June 2017: It's feedback time. Oh good.

In life, we like to choose what we do and how we do it. Or to put it another way, we don't like people choosing for us. But sometimes we have to tell someone that the choices they are making either don't suit us or don't suit what they're supposed to be doing towards the output of the group. So how do we match the need to sometime get people to change direction (behaviour or attitude) without telling them what to do? Without making choices for them, against their will.

We give feedback and leave them to decide what they do next. Simple. 

OK, so why is it so difficult to do in practice? Here are 4 of the most common errors that we make.

Too late.

Getting up the courage to tell someone that we don't like what they're doing is not always easy - there seems to be so much that can go wrong that it often seems worth swallowing the pain in the name of 'being grown up about it'. Conversely, remembering, or making the time, to tell someone how pleased we were about something that they've done can also elude us. Sometimes we put off giving that type of news because we tell ourselves that the recipient probably doesn't need that sort of thing or that we'll cause embarrassment. Consequently, when we do get around to giving a negative, we've often built up feelings around it and out they come! Worse, because we haven't made the effort to give positives, when they occurred, we can come across as being permanently negative. As with many things, timing is everything; feedback goes stale.

Too subtle.

In an effort not to impinge on the person's autonomy or in an effort to not make them feel bad we dilute the news. And in fact, the most important piece of news almost always gets left out: the feeling. Our feeling to be precise. How I felt when you did the thing you did which prompted the feedback in the first place. By leaving out, or being too subtle, about my negative reaction to what you have done, I hide the main reason for why you might want to take notice of my view. Feelings drive everything that we do. If I tell you that something you have done has made my day or has intrigued me, you'll do it again. If I tell you that I was annoyed when you did xyz, you will know that if you choose to continue that you will likely achieve the same outcome again.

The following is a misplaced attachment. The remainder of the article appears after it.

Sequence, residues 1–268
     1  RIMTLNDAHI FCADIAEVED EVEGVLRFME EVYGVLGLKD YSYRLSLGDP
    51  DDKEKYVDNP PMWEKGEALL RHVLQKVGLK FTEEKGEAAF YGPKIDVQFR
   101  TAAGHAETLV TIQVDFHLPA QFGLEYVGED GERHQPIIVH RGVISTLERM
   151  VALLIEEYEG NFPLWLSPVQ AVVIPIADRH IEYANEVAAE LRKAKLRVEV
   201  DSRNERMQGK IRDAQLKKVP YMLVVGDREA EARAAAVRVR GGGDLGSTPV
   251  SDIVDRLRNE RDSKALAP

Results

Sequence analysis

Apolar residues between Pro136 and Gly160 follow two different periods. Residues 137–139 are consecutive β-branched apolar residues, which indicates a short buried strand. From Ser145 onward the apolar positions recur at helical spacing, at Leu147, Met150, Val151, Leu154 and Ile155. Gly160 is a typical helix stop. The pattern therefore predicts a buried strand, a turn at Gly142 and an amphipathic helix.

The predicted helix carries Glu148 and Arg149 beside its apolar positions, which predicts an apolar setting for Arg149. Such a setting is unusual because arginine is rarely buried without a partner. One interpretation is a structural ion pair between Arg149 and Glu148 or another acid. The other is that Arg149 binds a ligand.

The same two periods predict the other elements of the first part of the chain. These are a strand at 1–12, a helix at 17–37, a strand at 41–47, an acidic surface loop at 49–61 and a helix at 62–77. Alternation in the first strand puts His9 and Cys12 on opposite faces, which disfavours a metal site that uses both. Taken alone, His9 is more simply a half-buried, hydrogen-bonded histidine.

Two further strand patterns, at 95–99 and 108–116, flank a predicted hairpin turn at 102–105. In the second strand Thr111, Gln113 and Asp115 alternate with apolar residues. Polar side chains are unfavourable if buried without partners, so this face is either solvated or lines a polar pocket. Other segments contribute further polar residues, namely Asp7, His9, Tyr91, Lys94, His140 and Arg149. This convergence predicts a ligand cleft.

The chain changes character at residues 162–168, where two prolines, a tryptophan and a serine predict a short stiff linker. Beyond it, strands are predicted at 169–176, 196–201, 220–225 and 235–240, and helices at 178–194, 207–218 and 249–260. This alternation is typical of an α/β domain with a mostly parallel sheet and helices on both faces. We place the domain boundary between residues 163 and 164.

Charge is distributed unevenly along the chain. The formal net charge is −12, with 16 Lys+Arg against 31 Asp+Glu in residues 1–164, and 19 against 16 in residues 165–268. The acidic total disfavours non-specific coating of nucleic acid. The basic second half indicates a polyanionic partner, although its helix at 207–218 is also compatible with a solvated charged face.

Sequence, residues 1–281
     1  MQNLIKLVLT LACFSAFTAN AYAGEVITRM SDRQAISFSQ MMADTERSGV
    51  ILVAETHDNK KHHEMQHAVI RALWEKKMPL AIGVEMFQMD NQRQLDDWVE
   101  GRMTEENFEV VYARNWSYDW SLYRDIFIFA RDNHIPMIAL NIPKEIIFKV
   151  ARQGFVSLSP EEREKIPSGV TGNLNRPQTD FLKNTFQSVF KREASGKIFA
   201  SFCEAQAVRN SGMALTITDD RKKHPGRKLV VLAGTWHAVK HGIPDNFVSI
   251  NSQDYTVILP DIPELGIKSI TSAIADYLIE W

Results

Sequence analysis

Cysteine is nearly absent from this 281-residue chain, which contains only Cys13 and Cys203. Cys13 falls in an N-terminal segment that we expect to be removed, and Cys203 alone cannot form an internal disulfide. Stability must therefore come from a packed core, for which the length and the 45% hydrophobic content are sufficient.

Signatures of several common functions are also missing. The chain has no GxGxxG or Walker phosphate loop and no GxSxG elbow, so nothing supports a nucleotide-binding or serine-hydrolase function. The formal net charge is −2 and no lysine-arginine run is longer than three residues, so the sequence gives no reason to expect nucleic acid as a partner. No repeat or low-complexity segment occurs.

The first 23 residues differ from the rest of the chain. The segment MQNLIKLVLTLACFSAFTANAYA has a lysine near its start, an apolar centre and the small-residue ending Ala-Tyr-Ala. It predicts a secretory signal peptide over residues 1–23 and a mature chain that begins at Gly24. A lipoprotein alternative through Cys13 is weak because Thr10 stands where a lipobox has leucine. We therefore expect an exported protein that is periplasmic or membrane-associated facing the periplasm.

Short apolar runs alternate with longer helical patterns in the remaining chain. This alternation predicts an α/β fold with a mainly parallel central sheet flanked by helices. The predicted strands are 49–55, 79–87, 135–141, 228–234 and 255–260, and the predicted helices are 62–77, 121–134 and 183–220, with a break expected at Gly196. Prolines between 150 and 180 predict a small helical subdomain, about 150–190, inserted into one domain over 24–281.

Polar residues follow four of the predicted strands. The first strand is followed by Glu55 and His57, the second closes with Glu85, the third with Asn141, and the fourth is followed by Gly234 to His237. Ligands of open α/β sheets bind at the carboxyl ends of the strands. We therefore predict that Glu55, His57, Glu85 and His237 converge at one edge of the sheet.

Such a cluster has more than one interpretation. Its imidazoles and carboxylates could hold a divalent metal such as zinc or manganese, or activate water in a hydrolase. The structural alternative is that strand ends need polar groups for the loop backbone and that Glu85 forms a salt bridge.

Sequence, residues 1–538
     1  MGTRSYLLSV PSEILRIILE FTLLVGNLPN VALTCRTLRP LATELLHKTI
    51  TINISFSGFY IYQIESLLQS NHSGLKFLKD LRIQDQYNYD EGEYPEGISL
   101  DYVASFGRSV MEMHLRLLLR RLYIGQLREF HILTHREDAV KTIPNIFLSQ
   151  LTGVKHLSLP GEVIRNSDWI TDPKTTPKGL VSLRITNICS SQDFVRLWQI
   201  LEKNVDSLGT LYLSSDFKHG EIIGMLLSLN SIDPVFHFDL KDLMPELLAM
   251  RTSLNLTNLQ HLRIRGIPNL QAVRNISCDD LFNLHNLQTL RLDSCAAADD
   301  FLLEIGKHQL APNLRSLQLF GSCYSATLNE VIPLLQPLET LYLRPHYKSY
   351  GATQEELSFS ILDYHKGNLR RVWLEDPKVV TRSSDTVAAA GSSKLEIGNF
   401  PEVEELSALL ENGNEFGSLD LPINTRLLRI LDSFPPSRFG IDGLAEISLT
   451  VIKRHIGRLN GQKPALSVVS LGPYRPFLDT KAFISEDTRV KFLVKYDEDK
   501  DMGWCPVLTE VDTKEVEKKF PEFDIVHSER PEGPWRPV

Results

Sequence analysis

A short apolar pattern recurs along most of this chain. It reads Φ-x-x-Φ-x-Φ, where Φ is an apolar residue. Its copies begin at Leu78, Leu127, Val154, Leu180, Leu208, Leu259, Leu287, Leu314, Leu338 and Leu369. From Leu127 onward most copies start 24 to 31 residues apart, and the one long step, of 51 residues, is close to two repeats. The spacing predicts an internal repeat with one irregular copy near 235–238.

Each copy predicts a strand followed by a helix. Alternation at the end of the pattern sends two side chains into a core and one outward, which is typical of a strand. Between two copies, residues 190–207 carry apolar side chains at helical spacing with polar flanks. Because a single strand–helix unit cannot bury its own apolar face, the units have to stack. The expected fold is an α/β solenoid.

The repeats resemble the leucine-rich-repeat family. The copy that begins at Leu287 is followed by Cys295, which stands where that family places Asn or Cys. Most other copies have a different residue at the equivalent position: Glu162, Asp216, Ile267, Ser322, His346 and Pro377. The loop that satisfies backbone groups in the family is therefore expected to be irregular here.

Too much.

We often bury important messages in unnecessary detail or in other topics. Sometimes we do it on purpose as a way of trying to 'soften the blow'. If the softening decoys work our message gets so lost as to be of no use.  If it doesn't work the recipient becomes uncomfortable about the size of the problem that is being mixed in with the innocuous news. Brevity works.

Too general.

Again, often for fear of offending or because of a wish to show respect we keep things general so that the other person doesn't feel 'got at'. In the case of positive feedback, being too general, makes our feedback sound hollow because it's not specific enough. And if it's about something negative the person is left confused or even worried because they can't quite make out the size of the problem.

 

To be beautifully successful for us both, feedback need be nothing more than a short, specific statement of how I feel about something specific that you have done.

I was relieved when you answered the technical questions - I would have been out of my depth.

I was worried when you raised your voice in front of John because we can't afford to annoy him.

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